Unison has threatened a major campaign of disruption that will involve schools, councils and hospitals if the planned pay freeze isn’t stopped.

The union’s general secretary Dave Prentis, who is to launch the campaign at Unison’s annual conference, said this was “a crucial time for the union”.

He went on: “Unions came into being for the tough times – and this is what we are facing. The union must continue to work together to combat the… coalition’s no hope austerity agenda – including its programme of damaging public service and job cuts.

“The Tory obsession with privatisation is an on-going battle for the union in the NHS and local government as well as creeping into vital local police services.”

Prentis told the Guardian: “I firmly believe that no pay policy can last more than three years and we will make sure that this policy breaks in the third year.

“I can foresee at some stage that unless the coalition changes tack we will move to industrial action. We are already talking to other unions about a united front. We are never stronger than when we take action together and we will work through the TUC to establish that united front.”

Prentis added: “We will work with other unions and we will generate the strength of feeling that will make people sit up and listen. And if that means that eventually we move to industrial action we will have no hesitation but to move to industrial action.”

Calling the Labour leader Ed Miliband’s and shadow chancellor Ed Balls’s backing for pay restraint “naive in the extreme”, the Unison head said: “If they continue with that stance there is no way whatsoever that our members will vote Labour and the sooner they open their eyes to this the better.”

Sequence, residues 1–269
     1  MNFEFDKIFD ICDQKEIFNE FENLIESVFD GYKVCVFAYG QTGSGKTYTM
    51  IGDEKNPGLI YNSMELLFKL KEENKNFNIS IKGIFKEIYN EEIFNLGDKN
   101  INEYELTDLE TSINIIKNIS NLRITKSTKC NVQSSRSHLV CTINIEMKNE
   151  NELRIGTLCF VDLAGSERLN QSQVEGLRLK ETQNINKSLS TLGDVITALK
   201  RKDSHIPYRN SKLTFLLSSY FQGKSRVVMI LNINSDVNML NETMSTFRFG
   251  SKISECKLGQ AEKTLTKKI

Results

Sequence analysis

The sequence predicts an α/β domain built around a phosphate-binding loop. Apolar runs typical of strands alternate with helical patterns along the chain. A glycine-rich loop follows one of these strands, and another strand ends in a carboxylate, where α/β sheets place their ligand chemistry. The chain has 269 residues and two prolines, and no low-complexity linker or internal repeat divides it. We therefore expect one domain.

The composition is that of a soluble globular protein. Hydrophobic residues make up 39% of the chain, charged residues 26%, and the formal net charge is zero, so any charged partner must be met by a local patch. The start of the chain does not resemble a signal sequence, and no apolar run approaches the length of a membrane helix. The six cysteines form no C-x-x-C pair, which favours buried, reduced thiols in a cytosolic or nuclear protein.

• Unison has warned Sefton Council and a new ‘free school’ that they face a legal challenge over their “botched” handling of the closure of two local schools, replacing them with the Hawthorne’s Free School.

Around 100 dedicated school support staff and teachers are set to lose their jobs when the two schools in Sefton – St George of England High School and St Wilfrid’s Catholic High School – close later this year and are replaced by the new free school. Staff are caught in the middle of a battle between the council and the new free school, over whether or not they have the right to transfer their jobs across, the union said.

And in a “double hit”, many teachers and support staff are threatened with receiving no redundancy pay. The last act of the chair of governors at St George of England before his resignation was to write a letter to staff informing them that they would be dismissed without their legal entitlement to redundancy, Unison said, pointing out that he is also chair of the new free school trust.

The union’s head of education Jon Richards said: “The council’s botched handling of these school closures is a disgrace. Not only are local schoolchildren and parents facing uncertainty, dedicated school support staff and teachers are facing the dole queues in a dismal jobs market. To pile on more misery by taking away their redundancy pay is a further bitter blow for families in these tough times.

“We are warning Sefton Council and Hawthorne’s that Unison will issue a legal challenge unless this situation is resolved, These dedicated staff should be allowed to carry on working.”